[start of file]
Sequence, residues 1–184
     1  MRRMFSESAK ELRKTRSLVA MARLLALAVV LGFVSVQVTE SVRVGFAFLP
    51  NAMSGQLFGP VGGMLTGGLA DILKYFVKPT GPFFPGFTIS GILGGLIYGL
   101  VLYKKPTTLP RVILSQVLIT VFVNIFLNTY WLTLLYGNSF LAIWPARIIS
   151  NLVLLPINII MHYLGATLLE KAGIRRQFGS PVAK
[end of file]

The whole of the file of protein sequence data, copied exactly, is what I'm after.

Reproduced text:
Sequence, residues 1–184
     1  MRRMFSESAK ELRKTRSLVA MARLLALAVV LGFVSVQVTE SVRVGFAFLP
    51  NAMSGQLFGP VGGMLTGGLA DILKYFVKPT GPFFPGFTIS GILGGLIYGL
   101  VLYKKPTTLP RVILSQVLIT VFVNIFLNTY WLTLLYGNSF LAIWPARIIS
   151  NLVLLPINII MHYLGATLLE KAGIRRQFGS PVAK